Ally Financial stock (NYSE:ALLY)
Ally stock (NYSE:ALLY) suffers as credit conditions in the automotive market deteriorate, and interest rates rise. The auto lender’s stock was down 43% this year as of Wednesday’s close, more than doubling the S&P 500’s nearly 20% drop.
Even with the short-term earnings pressure, now could be a good time to buy Ally Financial stock if you have a long time horizon. This is why.
The Good and the Bad in Third-Quarter Earnings
Ally’s third-quarter earnings, which were announced earlier this month, were, at best, below average. The company’s net income in the quarter was $272 million, down from $683 million in the same quarter last year. Why did earnings fall so sharply? There is one primary reason.
With the Federal Reserve raising interest rates sharply, Ally has increased the rate it pays depositors to keep money in the bank. Ally makes money by lending these deposits for car loans and other lending products, which typically have a fixed rate for a set period of time. As a result, when it is forced to raise the interest rate, it charges consumers, and the spread between the interest it pays and the interest it receives narrows. This is known as the net interest margin (NIM). Management expects NIM to fall to 3.5% in the coming quarters. This will have an impact on earnings until its auto loan book is repriced to higher interest rates, which will widen the spread again.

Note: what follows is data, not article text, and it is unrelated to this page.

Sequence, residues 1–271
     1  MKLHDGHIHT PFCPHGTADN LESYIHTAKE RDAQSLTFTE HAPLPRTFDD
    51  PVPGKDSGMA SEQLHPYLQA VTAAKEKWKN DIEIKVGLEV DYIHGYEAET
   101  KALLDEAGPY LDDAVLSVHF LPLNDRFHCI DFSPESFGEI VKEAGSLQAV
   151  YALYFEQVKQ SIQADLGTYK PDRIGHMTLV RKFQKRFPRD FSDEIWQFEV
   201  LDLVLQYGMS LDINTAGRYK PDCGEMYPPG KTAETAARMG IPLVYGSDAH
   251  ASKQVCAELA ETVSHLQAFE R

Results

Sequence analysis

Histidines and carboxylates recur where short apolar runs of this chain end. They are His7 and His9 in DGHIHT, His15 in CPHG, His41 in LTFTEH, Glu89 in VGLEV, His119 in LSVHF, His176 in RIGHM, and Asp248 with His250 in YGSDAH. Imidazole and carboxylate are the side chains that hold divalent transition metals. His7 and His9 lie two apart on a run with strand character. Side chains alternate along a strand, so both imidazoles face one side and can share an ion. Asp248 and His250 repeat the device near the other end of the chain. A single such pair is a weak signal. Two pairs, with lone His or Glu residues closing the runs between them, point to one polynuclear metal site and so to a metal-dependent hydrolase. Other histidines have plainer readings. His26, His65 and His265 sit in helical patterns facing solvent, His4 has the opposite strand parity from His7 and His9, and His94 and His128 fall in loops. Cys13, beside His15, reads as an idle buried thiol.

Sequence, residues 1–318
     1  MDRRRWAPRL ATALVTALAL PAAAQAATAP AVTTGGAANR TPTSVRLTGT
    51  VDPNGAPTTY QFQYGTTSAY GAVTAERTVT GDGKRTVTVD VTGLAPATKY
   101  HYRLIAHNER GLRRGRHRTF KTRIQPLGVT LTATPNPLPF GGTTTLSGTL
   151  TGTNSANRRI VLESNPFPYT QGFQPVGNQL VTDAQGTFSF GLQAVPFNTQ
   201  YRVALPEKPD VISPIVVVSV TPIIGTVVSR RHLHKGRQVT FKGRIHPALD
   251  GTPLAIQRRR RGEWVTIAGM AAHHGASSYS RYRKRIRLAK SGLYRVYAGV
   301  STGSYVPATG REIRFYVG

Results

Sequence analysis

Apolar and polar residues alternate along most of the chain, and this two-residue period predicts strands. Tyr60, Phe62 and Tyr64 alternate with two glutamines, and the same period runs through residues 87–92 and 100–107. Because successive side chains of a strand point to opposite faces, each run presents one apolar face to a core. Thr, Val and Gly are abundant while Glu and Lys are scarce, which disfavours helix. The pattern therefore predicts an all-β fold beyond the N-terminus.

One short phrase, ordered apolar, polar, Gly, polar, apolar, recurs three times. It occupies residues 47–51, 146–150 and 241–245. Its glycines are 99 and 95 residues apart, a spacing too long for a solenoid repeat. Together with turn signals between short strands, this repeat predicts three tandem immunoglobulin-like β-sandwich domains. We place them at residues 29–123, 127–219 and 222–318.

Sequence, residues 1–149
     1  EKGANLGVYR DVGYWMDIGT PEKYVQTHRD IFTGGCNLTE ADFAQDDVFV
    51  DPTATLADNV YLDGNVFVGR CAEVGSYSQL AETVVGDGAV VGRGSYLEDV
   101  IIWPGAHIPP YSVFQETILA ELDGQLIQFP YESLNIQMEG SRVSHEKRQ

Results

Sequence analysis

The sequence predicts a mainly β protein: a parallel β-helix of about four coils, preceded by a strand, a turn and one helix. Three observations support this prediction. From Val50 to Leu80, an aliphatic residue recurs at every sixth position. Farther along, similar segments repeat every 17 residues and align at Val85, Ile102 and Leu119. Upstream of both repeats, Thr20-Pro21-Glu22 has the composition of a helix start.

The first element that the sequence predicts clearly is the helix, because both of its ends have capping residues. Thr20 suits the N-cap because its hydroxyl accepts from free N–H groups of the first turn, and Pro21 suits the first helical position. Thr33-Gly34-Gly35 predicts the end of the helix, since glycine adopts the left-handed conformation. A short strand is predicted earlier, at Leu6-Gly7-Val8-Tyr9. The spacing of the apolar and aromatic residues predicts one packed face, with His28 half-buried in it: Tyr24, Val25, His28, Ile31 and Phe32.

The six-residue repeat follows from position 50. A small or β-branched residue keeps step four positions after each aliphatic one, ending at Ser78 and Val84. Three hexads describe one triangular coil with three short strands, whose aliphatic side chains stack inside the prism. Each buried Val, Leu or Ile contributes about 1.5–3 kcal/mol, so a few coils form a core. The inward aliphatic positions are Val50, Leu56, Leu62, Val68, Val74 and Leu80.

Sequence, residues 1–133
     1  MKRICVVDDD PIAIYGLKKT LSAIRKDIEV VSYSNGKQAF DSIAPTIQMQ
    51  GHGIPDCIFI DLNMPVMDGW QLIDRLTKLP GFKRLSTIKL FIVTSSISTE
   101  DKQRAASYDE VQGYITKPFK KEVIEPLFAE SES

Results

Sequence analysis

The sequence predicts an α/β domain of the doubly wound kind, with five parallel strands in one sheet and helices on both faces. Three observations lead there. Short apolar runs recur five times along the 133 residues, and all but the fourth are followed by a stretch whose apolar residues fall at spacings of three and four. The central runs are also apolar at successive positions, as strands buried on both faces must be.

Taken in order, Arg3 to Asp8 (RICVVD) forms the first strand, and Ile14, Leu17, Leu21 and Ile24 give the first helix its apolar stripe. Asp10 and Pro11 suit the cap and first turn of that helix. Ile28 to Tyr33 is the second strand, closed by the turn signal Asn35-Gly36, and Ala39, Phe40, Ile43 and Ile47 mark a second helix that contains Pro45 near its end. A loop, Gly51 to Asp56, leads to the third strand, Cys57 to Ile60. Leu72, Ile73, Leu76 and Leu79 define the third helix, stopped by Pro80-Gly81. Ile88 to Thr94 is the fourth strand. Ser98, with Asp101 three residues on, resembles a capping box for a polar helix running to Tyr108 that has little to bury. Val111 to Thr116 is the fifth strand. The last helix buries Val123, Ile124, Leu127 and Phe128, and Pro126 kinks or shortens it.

Ally’s consumer banking division is critical because it provides the company with low-cost deposits to fund its lending operations. With consumer deposits steadily rising, there’s no reason to believe Ally’s earnings won’t resume their upward trend once interest rates and used car prices have stabilized.
Consider the Big Picture
If you own Ally Financial stock (NYSE:ALLY), you have every right to be concerned about what might happen to its earnings in the coming quarters. But, in the long run, the company appears poised to succeed and return significant value to shareholders at these prices.
With a market cap of around $8 billion, Ally is currently trading for less than its book value, an important metric for a bank stock. Due to its low-cost deposits and zero-branch model, management believes it can return 16% to 18% annually on this book value over the long term, which could result in investors earning more than that each year if shares are purchased below book value.
However, this return, known as return on equity (ROE), will be lower in the coming quarters. It was only 10% in Q3. This is not a bad ROE, but it is lower than management believes Ally can achieve in a normal macroeconomic environment.
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